The educators will play a bigger role than in the past. In 1989, they had no place at the table, and in 1996, a small group served as "resource" people. This time around, they will be full-fledged participants.
While organizers of the 1989 and 1996 summits faced conflicts, they managed to find themes that could bring people of various political stripes together.
In Charlottesville, Va., in 1989, governors were "running out of steam" after a burst of activity following the 1983 report A Nation At Risk and needed a common rallying point, said Maris A. Vinovskis, a history professor at the University of Michigan in Ann Arbor. "In 1989, almost everybody agreed that something new had to be tried," said Mr. Vinovskis.
By 1996, the movement to set standards was threatened, largely by conservative attacks and especially as congressional Republicans worked to abolish the federal Goals 2000 program. The summit convinced GOP governors that they should march ahead on the path toward standards, along with assessments to measure student progress in learning them.
"All of a sudden, there were real questions as to whether or not the standards movement ... was going to survive," said Mr. Schwartz, who participated in the 1996 event as the coordinator of education grants for the Pew Charitable Trusts, a Philadelphia-based foundation.
Today, the debate isn't at a critical point where the issues are black and white, many observers say, and that hampers attempts to unite governors and other leaders around a single cause.
Still, there are worrisome signs for supporters of standards-driven school reform. In several states--Wisconsin and Massachusetts among them--middle-class parents are organizing against exams that follow the standards. Others are facing legal challenges to their exams. ("Standards at Crossroads After Decade," Sept. 22, 1999.)
Meanwhile, holding schools more accountable continues to be a prominent theme for state leaders, but states are offering diverse solutions to fixing failing schools. California enacted a strict accountability system for public schools this year, while Florida introduced private school choice for students attending certain low-performing schools.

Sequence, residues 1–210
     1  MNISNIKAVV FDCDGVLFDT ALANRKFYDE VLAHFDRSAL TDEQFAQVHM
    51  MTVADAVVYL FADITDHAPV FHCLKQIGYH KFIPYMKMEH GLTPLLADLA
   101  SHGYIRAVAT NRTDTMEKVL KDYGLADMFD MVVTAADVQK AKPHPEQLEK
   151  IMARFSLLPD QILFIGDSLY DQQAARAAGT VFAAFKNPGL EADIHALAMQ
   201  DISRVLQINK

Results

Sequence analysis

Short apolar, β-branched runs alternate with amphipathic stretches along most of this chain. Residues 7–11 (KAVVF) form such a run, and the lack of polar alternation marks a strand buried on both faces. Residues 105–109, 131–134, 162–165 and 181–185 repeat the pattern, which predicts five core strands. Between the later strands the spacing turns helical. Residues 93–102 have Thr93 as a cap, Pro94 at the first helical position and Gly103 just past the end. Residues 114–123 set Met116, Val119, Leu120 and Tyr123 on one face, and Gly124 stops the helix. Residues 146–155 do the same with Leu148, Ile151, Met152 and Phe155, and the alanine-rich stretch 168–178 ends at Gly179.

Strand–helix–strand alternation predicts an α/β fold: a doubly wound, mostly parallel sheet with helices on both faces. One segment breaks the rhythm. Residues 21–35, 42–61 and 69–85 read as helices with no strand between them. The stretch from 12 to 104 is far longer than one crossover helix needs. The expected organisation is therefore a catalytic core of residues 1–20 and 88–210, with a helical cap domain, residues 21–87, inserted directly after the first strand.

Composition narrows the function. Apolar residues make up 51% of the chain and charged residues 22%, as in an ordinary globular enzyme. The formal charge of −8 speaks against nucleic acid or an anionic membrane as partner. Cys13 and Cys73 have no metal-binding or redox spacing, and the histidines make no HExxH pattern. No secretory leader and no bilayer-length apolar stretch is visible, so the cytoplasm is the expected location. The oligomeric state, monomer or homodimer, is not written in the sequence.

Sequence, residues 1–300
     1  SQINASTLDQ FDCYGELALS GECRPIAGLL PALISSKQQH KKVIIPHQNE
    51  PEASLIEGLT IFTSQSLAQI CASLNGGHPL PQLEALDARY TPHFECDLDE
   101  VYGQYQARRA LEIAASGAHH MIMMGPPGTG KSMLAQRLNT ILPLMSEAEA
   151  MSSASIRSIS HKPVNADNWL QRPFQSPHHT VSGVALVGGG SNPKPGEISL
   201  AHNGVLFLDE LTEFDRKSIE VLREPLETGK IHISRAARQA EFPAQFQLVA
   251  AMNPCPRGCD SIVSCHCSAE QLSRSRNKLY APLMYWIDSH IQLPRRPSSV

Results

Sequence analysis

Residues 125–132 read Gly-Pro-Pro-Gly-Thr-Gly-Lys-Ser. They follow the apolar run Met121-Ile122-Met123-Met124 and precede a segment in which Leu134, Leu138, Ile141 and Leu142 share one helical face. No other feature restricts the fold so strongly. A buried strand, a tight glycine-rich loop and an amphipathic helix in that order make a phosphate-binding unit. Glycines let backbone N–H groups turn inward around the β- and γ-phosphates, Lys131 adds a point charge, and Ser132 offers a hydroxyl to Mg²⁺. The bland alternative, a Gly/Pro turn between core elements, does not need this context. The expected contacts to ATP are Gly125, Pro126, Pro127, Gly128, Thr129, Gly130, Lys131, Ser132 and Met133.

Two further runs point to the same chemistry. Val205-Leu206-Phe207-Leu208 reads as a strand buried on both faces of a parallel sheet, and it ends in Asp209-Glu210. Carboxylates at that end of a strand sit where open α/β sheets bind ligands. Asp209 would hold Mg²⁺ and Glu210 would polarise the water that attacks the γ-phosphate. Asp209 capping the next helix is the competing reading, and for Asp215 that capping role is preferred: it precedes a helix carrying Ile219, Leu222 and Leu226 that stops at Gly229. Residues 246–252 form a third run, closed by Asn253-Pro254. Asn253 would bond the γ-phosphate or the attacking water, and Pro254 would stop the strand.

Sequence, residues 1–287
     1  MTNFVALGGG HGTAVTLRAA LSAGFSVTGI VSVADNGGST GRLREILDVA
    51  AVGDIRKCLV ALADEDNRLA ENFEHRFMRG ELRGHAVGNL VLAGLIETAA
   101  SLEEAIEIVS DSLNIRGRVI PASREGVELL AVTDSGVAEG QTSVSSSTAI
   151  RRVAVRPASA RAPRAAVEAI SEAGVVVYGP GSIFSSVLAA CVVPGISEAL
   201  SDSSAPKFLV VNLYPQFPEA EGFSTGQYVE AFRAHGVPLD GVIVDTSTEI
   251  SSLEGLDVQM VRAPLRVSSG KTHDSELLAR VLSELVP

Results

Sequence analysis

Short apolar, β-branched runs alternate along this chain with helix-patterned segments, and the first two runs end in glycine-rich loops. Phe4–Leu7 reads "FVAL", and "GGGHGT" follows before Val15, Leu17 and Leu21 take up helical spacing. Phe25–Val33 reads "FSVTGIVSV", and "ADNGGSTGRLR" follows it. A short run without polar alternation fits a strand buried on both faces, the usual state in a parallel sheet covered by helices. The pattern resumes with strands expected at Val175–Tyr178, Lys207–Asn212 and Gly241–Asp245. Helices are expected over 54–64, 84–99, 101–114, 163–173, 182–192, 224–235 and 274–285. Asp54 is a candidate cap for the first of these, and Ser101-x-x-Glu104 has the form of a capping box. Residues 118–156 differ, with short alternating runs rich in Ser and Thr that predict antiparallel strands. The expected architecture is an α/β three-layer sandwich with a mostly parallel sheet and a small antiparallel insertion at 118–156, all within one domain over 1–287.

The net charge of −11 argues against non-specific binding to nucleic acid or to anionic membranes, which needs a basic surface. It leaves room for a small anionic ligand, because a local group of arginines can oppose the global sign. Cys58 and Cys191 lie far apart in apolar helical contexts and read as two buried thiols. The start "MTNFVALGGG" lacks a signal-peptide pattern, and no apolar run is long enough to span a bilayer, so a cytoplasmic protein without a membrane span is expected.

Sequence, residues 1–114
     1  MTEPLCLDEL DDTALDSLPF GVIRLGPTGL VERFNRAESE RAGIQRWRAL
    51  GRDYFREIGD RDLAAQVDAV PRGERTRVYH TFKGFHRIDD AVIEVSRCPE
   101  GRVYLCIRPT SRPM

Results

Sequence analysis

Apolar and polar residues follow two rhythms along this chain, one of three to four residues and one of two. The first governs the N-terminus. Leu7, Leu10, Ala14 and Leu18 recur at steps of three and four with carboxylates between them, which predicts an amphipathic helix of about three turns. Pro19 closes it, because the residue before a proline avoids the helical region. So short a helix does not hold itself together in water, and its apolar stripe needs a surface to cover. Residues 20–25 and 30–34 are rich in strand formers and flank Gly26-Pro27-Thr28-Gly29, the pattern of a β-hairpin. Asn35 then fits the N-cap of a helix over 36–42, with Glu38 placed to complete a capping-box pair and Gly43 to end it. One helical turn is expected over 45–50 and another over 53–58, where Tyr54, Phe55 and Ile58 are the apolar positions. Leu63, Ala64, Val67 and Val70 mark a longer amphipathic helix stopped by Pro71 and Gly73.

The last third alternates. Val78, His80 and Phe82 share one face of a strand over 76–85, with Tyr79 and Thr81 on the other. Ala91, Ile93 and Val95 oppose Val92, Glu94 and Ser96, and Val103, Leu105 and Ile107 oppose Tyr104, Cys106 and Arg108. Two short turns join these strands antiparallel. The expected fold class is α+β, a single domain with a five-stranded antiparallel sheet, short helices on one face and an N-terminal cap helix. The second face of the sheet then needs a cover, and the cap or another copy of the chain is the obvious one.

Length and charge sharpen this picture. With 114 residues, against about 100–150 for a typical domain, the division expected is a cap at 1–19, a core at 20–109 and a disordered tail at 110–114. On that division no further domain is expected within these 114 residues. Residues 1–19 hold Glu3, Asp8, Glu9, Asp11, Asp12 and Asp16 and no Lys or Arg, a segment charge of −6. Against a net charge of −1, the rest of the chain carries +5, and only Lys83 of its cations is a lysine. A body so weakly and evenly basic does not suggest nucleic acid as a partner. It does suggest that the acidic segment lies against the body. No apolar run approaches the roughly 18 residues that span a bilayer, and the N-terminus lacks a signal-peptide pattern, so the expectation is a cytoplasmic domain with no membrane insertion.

Choice on Agenda
The issue of school choice is an example of how difficult it will be to achieve consensus at this week's meeting.
Organizers of the earlier summits kept the subject out of the discussions because voucher advocates had made little headway in advancing such programs. Now, publicly financed vouchers--though still subject to legal challenges--have track records in Cleveland and Milwaukee. Florida has a new program. And a growing number of cities have privately subsidized vouchers.
"The world has changed, and states are grappling with this as a part of their reform strategies," said Chester E. Finn Jr., the president of the Washington-based Thomas B. Fordham Foundation, who attended the two earlier summits. "It was hard to ignore in 1996, but they did. It's impossible to ignore in 1999."
An early draft of the agenda for this week's summit acknowledged that participants disagree on the issue, but asked them to go so far as to agree to expand open enrollment in public schools.
"We need to be working together to improve and support public schools," said Anne L. Bryant, the executive director of the National School Boards Association. "It may be, in the end, that we'll agree to disagree" on private school choice.
But that is unlikely to be attractive to officials such as first-term Gov. Jeb Bush of Florida, who can point to his state's new accountability-driven voucher program as his biggest accomplishment so far. The Republican governor expects to expand the program throughout the state as early as next year.
Vol. 19, Issue 5, Pages 1,20